Home » Reviews » Rewind: The immersive soundtrack Mithoon put together for Lamhaa has aged very well

Rahul Dholakia has made films on a variety of subjects and one thing that has been a common factor in most of his films is good music. He made his feature film debut with the romantic drama ‘Kehta Hai Dil Baar Baar’ which had some lilting tunes by Jatin-Lalit. After that, he made a hard-hitting film (‘Parzania’) on a real-life event that also fetched him a National Award. The film did not have songs but the background score, put together by Zakir Hussain and Taufiq Qureshi, made a solid impact. ‘Lamhaa’, his third feature film, was based on a serious subject but unlike the last time, the director took a far more commercial approach while telling a sensitive story.

‘Lamhaa’ boasted of one of the best soundtracks put together by Mithoon for a film. Since the film was set in Kashmir, the album had songs where one could hear the sound of some instruments that originate from that area. Since the film explored the trouble brewing in the paradise, Mithoon, quite masterfully, made sure that aspect came to the fore in the music as well. All the songs were written by Sayeed Quadri, except for “Main Kaun Hoon”, which was written by Amitabh Varma.

Sometimes, a good tune does not get the company of orchestral arrangements that help in augmenting its beauty. That is not the case with “Madno” as Mithoon layers this gorgeous tune with the sound of different instruments that help in bringing out the emotions in it effectively to the fore. The santoor has been used in just the right places and it was definitely a good decision to use percussion instruments (dholak/dafli) throughout the song. Sayeed Quadri’s lyrics are highly effective and so is the rendition by Chinmayi and Kshitij Tarey.

“Madno” (and its alternate version “Saajna”) also happens to be the only song on the soundtrack which talks about the love shared by two people. The other songs contribute towards depicting the core theme of the film. What is interesting about “Saajna” is that it has been sung by Mika who is largely known for singing dance numbers. This could be the only romantic number he has sung for a film. His voice definitely brings novelty value to this song.

Arun Daga’s voice is not heard very frequently in films. One would mostly remember for his solo non-film album ‘Jeena Tere Bina’.  “Jis Cheez Ko Paane Ki Thi Ummeed Kho Chuki, Uss Cheez Ko Paa Kar Bahut Dil Ko Khushi Hui” – Sayeed Quadri sets the tone for “Salaam Zindagi” with these lines and then, the phrase “Salaam Zindagi” plays out like a chant. The song takes an unpredictable turn when the first antara “Hum Saath Rahenge Aur Saath Rahein…” arrives. Then, another surprise pops up in the form of a bunch of young children/choral vocalists coming forward and representing some young voices from the valley who wish to share their plight. The Kashmiri lines add a lot of weight to the song.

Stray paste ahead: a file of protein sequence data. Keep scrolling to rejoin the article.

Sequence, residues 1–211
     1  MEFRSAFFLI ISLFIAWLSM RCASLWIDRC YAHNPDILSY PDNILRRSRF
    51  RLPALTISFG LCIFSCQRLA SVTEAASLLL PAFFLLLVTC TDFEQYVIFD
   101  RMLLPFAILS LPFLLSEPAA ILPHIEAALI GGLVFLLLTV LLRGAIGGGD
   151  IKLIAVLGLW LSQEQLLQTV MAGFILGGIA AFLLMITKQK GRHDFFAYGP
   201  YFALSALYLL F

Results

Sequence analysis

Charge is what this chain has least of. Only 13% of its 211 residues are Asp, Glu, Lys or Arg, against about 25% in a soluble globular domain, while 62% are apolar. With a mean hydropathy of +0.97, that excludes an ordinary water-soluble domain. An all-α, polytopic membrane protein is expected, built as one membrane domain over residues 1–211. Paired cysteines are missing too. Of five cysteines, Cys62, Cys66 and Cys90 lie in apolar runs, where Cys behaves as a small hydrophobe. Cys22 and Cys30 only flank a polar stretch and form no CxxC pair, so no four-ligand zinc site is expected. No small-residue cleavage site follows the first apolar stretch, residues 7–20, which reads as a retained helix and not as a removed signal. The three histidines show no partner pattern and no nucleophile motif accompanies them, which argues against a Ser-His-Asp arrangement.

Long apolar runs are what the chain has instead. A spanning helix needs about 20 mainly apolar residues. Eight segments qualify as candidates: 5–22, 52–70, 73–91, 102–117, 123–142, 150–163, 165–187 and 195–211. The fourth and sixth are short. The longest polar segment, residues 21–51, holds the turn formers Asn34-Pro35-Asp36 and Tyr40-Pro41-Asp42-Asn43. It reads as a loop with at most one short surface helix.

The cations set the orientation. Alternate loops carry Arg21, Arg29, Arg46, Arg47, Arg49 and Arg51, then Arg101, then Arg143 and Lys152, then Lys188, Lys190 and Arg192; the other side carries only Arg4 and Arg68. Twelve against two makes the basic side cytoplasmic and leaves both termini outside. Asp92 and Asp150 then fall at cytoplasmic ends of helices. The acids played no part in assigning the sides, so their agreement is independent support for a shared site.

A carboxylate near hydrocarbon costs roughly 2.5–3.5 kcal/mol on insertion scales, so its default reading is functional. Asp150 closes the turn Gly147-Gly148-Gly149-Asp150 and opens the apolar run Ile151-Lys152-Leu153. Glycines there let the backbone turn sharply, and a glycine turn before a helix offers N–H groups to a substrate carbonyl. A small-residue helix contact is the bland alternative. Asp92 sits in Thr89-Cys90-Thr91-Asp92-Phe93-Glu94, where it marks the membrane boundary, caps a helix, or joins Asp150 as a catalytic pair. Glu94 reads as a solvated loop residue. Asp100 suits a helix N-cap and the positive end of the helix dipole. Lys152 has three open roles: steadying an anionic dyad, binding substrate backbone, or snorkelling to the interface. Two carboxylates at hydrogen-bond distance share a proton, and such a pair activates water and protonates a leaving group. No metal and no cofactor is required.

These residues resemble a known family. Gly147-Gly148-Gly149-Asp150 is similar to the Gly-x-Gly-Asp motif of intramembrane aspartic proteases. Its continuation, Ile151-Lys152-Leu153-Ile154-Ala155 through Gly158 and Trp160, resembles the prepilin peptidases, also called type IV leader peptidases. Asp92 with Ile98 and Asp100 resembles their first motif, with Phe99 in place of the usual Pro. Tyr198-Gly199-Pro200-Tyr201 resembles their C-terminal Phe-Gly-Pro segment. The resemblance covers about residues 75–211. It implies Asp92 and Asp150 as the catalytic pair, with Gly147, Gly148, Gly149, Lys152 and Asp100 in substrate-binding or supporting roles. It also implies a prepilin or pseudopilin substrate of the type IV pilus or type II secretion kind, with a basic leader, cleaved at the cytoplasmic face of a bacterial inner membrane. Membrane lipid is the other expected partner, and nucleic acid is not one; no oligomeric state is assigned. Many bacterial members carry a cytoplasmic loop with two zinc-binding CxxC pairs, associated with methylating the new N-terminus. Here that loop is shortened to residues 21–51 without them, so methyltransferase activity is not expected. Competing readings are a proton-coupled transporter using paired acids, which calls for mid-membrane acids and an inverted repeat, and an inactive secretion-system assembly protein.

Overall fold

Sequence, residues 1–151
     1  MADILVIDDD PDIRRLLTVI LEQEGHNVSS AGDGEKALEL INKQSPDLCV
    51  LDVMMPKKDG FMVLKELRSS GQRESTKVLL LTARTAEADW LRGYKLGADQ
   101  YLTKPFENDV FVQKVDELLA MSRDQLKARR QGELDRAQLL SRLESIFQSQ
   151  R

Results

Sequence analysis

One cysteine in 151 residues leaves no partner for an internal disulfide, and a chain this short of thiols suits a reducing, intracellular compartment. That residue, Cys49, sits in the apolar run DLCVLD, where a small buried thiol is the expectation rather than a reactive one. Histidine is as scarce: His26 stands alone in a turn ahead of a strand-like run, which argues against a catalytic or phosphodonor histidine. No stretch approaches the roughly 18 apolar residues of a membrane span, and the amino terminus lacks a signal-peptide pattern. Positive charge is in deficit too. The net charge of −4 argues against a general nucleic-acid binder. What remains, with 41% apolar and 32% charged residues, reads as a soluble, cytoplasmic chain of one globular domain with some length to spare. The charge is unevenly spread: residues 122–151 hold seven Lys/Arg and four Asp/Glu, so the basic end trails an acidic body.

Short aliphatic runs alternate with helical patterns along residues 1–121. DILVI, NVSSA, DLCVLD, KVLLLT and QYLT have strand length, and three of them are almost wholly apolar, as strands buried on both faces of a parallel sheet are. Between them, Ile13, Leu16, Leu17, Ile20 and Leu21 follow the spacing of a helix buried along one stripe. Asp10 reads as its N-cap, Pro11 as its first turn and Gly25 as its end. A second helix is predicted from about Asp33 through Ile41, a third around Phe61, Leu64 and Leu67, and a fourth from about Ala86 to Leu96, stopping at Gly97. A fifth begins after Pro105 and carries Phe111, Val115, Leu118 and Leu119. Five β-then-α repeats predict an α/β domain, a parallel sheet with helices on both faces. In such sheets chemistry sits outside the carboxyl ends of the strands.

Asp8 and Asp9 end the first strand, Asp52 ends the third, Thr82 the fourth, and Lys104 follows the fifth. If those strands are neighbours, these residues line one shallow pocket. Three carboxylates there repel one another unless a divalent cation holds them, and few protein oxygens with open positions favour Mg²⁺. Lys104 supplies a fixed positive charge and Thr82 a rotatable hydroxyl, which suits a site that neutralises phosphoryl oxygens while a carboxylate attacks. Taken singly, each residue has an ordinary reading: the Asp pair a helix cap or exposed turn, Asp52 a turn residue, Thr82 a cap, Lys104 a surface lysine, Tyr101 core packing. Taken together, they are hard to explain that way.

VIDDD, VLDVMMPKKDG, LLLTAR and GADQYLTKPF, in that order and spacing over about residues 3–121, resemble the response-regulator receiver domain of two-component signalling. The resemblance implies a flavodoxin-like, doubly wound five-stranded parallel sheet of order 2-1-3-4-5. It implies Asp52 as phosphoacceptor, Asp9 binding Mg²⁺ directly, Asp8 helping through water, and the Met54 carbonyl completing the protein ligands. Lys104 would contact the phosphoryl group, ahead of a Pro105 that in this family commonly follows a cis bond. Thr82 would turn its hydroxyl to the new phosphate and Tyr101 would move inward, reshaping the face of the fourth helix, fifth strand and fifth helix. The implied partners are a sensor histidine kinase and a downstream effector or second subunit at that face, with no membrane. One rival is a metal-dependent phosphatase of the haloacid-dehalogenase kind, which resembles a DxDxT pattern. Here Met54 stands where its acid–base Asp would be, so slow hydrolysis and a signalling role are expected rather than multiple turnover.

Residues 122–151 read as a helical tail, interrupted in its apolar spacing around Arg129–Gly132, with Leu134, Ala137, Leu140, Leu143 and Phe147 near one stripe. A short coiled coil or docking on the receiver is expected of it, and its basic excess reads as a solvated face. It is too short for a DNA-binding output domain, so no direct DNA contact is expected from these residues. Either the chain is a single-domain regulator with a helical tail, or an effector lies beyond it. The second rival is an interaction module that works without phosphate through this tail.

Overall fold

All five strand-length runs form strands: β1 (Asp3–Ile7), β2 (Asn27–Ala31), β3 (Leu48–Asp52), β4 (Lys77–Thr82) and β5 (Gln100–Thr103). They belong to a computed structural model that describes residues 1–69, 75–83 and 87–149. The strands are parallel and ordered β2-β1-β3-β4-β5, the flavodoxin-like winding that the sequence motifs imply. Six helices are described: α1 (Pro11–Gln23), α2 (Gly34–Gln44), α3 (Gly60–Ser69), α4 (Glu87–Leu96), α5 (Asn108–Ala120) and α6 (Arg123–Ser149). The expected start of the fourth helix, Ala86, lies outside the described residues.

Palash Sen, the lead vocalist of the pop band Euphoria, does not sing for films very frequently. When he does, it turns out to be quite a special outing. “Main Kaun Hoon” is one such song. “Jannat Thi Apni Sarzameen, Sufi Humko Kehte Sabhi, Ab Toh Koi Mujrim Koi, Aatanki Keh Raha….”, Amitabh Varma wrote some heart-wrenching lines to depict the plight of the many of the people living in Kashmir. Along with several contemporary instruments, the Kashmiri instrument rabaab plays an important role throughout the song. The composition, lyrics and the rendition make a lasting impression in the very first listen and stay with you long after you have heard it.

Kshitij Tarey pours his heart into singing “Zameen O Aasmaan” and his rendition is, without an iota of doubt, the highlight of the song. By that, one does not imply that the composition or the lyrics fall short. Mithoon creates a sombre tune that conveys a sense of gloom and despair effectively. Sayeed Quadri writes some poignant lines that does complete justice to the melancholic tone of the song. The song ends with the lines “Lamhaa Har Lamhaa Khauff Bhara…Kyon Hain Yahaan…Kyon Hai Yahaan” and you feel like revisiting it a couple of times more to soak in the highly effective manner a message has been conveyed through this musical piece.

In the entire album, if there is one song which has Mithoon’s stamp all over it and reminds one of a couple of songs he has composed in a similar musical style, then it has to be “Rehmat Zara”.  Now, when you hear this song, you could think of numbers like “Aye Khuda” (‘Murder 2’) and “Aawara” (‘Alone’). The song is fast-paced, upbeat and has a catchy rhythm. The pauses between the vocal parts help the listener in pondering over the lines. Mohammed Irfan Ali does a job behind the mic and Mithoon lends him adequate support as a co-singer.

‘Lamhaa’ remains one of the best albums by Mithoon and one which definitely deserves more attention. The score, yet again, exemplified the fact that Rahul Dholakia has a good ear for music. After ‘Lamhaa’, Rahul directed another film called ‘Raees’ (2018; Shah Rukh Khan, Mahira Khan and Nawazuddin Siddiqui) which had one of the background scores (Ram Sampath) for a Hindi film in the recent times. Also, he is a director who knows the art of incorporating music well in a film.